July 26, 2006

The Orange County Register

UCI computer researchers test new technology

By Marla Jo Fisher

"Text mining" will allow analysis of huge volumes of documents

IRVINE - UC Irvine researchers have used new computer technology to sort topics in 330,000 stories published by The New York Times in only a few hours, proving that "text mining" technology can be used on huge document collections, officials announced today.

The tool is expected to help medical researchers, lawyers and others who wade through reams of documents looking for connections.

The analysis of newspaper stories published between 2000 and 2002 would have taken a team of librarians months to complete, UCI said.

Researchers identified topics in the news and charted their course over time, determining the months in which they were most popular.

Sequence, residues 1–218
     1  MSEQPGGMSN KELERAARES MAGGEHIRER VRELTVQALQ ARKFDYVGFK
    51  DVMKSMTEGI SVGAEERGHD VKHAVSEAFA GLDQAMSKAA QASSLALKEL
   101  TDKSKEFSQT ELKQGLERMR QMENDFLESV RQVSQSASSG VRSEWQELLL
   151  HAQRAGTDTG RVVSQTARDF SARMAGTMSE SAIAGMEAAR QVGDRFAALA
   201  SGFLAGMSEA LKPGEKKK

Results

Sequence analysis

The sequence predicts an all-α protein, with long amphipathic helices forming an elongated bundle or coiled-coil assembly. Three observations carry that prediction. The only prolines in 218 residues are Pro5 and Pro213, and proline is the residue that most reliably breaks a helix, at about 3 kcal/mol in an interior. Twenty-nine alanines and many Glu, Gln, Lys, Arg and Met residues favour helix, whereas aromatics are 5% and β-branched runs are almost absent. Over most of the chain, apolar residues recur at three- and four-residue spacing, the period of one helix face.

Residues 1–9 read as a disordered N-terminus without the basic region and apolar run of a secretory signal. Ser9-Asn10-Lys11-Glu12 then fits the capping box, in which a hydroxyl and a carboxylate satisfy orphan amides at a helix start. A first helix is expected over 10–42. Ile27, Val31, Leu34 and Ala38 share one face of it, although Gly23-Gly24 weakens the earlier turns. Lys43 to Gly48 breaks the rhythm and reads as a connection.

In one example, they generated the words "rider," "bike," "race," "Lance Armstrong" and "Jan Ullrich" to determine that during coverage of the Tour de France bicycle race, Lance Armstrong was written about seven times more often than Ullrich.

They also found that coverage of the Tour de France peaked in the summer months and decreased year to year.

That information could help advertisers who want to pinpoint peak interest in an event, for example.

The team used a text model developed at UC Berkeley in 2003 in its analysis. Computer modeling of topics seeks words that occur together to categorize them.

Findings were presented recently at the Intelligence and Security Informatics Conference in San Diego.

"We have shown in a very practical way how a new text-mining technique makes understanding huge volumes of text quicker and easier," David Newman, a computer scientist at UCI's Bren School of Information and Computer Sciences, said in the statement announcing the research's conclusions. "To put it simply, text mining has made an evolutionary jump. In just a few short years, it could become a common and useful tool for everyone from medical doctors to advertisers; publishers to politicians."
UCI computer researchers test new technology